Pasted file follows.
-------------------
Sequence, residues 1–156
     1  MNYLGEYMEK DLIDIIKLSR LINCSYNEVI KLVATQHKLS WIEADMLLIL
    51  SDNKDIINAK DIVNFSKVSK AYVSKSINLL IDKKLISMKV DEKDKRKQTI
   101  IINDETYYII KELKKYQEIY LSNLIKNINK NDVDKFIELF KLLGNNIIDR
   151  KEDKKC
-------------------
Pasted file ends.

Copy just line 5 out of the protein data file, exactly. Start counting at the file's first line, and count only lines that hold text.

   151  KEDKKC